To say that bikes were more exotic then is ridiculous. It was true only when comparing the works bikes to the stuff on the showroom floor. Do you know what people's reactions would have been if you told someone in 1975 that you were going to produce a 4-stroke 250 MX'er at a 205 lb. dry weight? That it was going to have hydraulic disc brakes, water cooling, an aluminum chassis, 12" of suspension travel, 5 titanium valves, and that not only was it going to produce nearly 40 horsepower by revving to 13,000 rpm, it would be reliable, too?? Exotic?? I'll say. And now you can buy one.

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Great Posts you guys.

I am all for a "production rule", cause for sure that helps us. But the idea that a 250 has to weigh 216 ilbs is ridiculous i think.

As far as long travel suspension back then: in the fall of 1975 I bought a brand new first year RM 250. This was bascially the first long travel production bike, with cantilevered shocks and close to 9 inches. EVERYONE was buying swingarms and moding their suspension for long travel. But DeCoster and Co had been using it for years: check out this 1975 photo:

http://www.ahrma.org/mx_gallery/2005-04_decoster.htm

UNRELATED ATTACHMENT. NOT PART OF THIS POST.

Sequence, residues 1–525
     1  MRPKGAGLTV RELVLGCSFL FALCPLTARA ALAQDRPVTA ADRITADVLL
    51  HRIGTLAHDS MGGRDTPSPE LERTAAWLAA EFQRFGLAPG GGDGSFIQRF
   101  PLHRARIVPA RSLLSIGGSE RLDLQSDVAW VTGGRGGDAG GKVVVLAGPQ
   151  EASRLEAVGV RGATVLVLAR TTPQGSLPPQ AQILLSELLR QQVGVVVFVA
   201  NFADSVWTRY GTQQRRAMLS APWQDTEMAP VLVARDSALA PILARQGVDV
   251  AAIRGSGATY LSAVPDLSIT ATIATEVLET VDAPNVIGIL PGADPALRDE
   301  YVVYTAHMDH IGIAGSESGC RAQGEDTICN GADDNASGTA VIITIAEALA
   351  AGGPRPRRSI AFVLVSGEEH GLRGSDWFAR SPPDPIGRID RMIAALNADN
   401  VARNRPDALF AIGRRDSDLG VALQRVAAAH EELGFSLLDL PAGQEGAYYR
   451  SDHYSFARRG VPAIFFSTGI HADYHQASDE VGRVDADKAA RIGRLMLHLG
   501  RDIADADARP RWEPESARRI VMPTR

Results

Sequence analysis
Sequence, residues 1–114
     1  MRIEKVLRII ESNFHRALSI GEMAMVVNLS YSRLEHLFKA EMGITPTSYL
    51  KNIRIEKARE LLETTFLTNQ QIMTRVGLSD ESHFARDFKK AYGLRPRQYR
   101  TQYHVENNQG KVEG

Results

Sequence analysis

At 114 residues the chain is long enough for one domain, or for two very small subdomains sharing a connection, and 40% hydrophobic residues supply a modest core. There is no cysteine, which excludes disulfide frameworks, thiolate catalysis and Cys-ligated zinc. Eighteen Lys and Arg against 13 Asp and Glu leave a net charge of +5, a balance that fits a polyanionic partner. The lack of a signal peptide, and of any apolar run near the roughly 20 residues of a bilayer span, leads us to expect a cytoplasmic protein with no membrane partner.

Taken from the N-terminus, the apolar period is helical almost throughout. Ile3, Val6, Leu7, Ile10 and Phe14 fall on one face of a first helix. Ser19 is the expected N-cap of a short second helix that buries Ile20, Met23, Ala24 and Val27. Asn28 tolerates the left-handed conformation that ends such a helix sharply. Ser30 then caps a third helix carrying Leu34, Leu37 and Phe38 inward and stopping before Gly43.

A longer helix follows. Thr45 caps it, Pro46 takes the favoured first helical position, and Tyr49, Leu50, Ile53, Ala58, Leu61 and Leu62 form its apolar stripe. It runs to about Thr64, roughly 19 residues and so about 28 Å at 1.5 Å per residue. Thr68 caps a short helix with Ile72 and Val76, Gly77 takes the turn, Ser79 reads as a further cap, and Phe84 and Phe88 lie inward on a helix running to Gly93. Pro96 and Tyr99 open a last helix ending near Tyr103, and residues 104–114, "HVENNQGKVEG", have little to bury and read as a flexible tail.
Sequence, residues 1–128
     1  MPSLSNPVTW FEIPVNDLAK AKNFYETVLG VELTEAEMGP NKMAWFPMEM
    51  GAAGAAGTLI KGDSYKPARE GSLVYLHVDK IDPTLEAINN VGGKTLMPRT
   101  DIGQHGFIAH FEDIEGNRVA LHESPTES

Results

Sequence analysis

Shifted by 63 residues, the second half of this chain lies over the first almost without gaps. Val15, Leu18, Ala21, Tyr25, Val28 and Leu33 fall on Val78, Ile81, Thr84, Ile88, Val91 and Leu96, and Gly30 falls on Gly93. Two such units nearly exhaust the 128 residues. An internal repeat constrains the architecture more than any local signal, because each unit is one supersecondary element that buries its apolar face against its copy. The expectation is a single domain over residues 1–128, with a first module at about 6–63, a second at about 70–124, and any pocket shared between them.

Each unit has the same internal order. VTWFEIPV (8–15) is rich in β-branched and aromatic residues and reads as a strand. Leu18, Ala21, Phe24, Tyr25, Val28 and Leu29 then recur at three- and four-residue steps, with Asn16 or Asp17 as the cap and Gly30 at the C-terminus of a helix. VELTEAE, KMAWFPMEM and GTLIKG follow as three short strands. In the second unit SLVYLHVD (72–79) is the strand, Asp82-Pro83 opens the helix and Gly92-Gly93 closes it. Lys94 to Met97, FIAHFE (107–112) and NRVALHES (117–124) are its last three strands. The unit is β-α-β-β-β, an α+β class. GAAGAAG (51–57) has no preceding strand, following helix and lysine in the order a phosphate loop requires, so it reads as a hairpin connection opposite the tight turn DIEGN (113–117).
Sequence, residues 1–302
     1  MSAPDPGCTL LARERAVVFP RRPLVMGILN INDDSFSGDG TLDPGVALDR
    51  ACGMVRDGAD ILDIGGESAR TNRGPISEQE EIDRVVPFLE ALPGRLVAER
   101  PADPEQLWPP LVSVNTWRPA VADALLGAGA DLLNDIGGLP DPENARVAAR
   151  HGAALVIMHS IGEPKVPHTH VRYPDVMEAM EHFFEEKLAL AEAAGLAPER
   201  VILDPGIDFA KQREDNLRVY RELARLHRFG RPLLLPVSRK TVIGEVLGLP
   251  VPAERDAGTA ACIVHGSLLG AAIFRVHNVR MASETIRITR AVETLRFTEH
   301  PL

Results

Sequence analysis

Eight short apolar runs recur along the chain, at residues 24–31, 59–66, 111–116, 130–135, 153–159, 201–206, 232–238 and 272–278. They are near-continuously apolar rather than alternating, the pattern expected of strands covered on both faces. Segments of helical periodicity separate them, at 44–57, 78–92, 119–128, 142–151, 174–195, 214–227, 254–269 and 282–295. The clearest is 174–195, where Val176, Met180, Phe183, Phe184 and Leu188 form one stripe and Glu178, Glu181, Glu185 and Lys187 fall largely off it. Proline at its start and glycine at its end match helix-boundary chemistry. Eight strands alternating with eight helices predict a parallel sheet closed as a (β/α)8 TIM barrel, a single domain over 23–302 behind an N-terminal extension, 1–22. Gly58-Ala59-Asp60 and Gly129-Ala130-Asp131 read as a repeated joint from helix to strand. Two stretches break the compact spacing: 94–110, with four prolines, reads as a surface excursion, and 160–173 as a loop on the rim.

Look at the rear suspension. This is a very modern motorcycle.

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To say that bikes were more exotic then is ridiculous. It was true only when comparing the works bikes to the stuff on the showroom floor. Do you know what people's reactions would have been if you told someone in 1975 that you were going to produce a 4-stroke 250 MX'er at a 205 lb. dry weight? That it was going to have hydraulic disc brakes, water cooling, an aluminum chassis, 12" of suspension travel, 5 titanium valves, and that not only was it going to produce nearly 40 horsepower by revving to 13,000 rpm, it would be reliable, too?? Exotic?? I'll say. And now you can buy one.

That was my era and I stand by my remark. Works bikes in the '70s were more exotic compared to today. Take your Modern 4-Stroke glasses off for a minute...

It was the era of dual carbs, exotic materials, and a suspension revolution like we'll never see again. Rememeber the Yamaha Mono? And the race to see who could lay their shocks down farther? And those shocks became a single-shock along the way.

Then we had the whole radiator-on-a-dirtbike era that led to manufacturers replacing drums with a front disc, and finally a rear disc, too. This was all exotic stuff, featured in the likes of MXA, that we couldn't buy until a year or two after the fact.

Bikes changed more the the period from '74 to '84 than in any time in history. We won't see those kind of wholesale changes again. Come to think of it, Jody actually wrote stuff then. :banghead: